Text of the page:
How Women Lost Out as China's Property Market Boomed

Beijing's central business District is home to high-end housing Photograph by Shi Wei/Getty Images

In 2005, Zhang Yuan and her husband bought an apartment in Beijing for $30,000. Seven years later, in 2012, the same apartment was worth $317,000. Zhang, a professional woman in her 30s, and her husband both contributed money to the down payment and mortgage payments. Only her husband’s name appears on the property deed.

At the time the young couple bought their home, Zhang wasn’t thinking much about legal formalities. Men—still regarded as the ostensible heads of households in China—have commonly registered property in their own names.

Since China’s Supreme Court issued a new interpretation of the country’s Marriage Law in 2011, Zhang’s has had second thoughts. The law now stipulates that if a couple divorces and only one person’s name is on the deed, that person—usually a “he”—walks away with full ownership of the marital home.

Since she took two years off work to care for her young child, Zhang has had trouble climbing back onto the career ladder. Today she worries more about money—and her financial dependence on her husband.

According to a 2012 Horizon Research and survey of homeowners in China’s leading cities, men’s names appear on property deeds for marital homes 80 percent of the time, while women’s names appear on just 30 percent of them. “The law is so unfair to women,” Zhang told sociologist Leta Hong Fincher, author of a new book, Leftover Women: The Resurgence of Gender Inequality in China.

The upshot, as Fincher’s book argues, is that China’s women have a claim that is tenuous, at best, to the country’s burgeoning real estate wealth. “Chinese women have largely missed out on what is arguably the biggest accumulation of residential real-estate wealth in history, valued at around 3.3 times China’s [gross domestic product], according to figures from the bank HSBC,” she writes. “That amounted to over $27 trillion at the end of 2012.”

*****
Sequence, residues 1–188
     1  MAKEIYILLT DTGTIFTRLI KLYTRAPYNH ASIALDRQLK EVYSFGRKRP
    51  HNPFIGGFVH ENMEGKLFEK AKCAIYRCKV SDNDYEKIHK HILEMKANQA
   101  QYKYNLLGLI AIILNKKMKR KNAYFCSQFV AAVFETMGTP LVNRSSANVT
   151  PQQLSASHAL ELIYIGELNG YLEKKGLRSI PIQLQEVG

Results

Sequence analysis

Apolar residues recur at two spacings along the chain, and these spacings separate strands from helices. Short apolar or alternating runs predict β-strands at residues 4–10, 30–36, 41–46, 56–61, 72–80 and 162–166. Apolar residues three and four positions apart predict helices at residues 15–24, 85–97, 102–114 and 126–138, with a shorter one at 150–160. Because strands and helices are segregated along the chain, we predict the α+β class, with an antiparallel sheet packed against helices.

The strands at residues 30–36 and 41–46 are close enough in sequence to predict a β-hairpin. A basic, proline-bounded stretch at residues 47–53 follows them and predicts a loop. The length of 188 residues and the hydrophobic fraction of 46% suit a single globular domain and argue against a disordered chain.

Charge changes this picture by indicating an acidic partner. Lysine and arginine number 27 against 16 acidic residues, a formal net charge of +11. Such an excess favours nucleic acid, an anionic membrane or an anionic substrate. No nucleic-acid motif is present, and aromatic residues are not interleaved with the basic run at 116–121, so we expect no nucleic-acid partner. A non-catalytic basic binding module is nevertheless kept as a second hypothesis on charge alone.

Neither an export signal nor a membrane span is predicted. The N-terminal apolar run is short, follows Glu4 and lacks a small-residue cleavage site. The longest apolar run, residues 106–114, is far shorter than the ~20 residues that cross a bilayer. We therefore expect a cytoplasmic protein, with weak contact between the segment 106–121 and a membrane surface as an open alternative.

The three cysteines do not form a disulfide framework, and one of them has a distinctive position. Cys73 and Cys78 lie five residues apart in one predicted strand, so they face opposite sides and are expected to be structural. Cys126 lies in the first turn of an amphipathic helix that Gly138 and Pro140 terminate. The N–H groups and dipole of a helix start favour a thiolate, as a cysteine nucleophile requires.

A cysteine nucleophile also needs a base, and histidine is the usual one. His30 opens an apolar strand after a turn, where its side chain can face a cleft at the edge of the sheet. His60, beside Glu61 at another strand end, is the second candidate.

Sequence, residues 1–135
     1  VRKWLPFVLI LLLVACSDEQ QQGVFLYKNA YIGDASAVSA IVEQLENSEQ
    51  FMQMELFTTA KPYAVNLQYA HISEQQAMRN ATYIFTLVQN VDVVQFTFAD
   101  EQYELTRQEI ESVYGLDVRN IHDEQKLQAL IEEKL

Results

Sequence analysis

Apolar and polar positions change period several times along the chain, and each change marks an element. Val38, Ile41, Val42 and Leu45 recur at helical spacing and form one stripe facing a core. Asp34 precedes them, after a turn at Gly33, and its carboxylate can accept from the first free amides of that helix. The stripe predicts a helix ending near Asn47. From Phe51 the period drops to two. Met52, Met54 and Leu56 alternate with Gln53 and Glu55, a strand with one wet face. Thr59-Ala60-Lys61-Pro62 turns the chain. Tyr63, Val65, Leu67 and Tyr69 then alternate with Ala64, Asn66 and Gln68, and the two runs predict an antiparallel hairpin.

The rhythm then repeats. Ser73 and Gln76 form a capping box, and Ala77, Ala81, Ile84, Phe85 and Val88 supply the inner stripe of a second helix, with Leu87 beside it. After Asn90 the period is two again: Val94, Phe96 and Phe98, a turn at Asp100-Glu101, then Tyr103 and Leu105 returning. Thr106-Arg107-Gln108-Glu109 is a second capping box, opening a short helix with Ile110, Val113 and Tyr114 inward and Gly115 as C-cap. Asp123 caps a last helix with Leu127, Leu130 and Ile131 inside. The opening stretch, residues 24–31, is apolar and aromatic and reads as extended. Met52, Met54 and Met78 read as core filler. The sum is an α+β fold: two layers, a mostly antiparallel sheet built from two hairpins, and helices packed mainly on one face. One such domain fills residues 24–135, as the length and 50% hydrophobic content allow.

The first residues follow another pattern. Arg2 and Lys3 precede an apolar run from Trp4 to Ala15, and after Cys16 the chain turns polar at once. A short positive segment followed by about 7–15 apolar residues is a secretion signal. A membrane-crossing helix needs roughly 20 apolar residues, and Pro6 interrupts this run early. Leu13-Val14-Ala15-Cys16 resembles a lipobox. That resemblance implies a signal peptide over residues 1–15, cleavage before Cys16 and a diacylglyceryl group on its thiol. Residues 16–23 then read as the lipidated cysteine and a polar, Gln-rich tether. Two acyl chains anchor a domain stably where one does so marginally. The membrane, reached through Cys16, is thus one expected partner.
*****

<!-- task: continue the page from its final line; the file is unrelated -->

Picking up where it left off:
The examples of property-deed patterns and Marriage Law interpretations favoring men are among the many instances Fincher points to in assembling her case that the position of women has regressed, not progressed, over the last 35 years. Her intention in writing the book is to “debunk the popular myth that women overall are faring well as a result of China’s post-socialist, market reforms.”

Remember Mao’s slogan about women holding up “half the sky”? Elevating the position of women was an avowed goal both of the Communist Party and the earlier Republican Revolution that ended rule by emperors in China. Yet women today have few legal protections against domestic violence (sadly common in China), less access to male-dominated business and political networks, and often less financial and emotional support from their own families. Meanwhile “the authoritarian nature of China’s one-party system has prevented a nationwide women’s movement from gaining traction,” writes Fincher.

Zhang probably spoke for many Chinese women when she told Fincher, “I am very worried about my future.”

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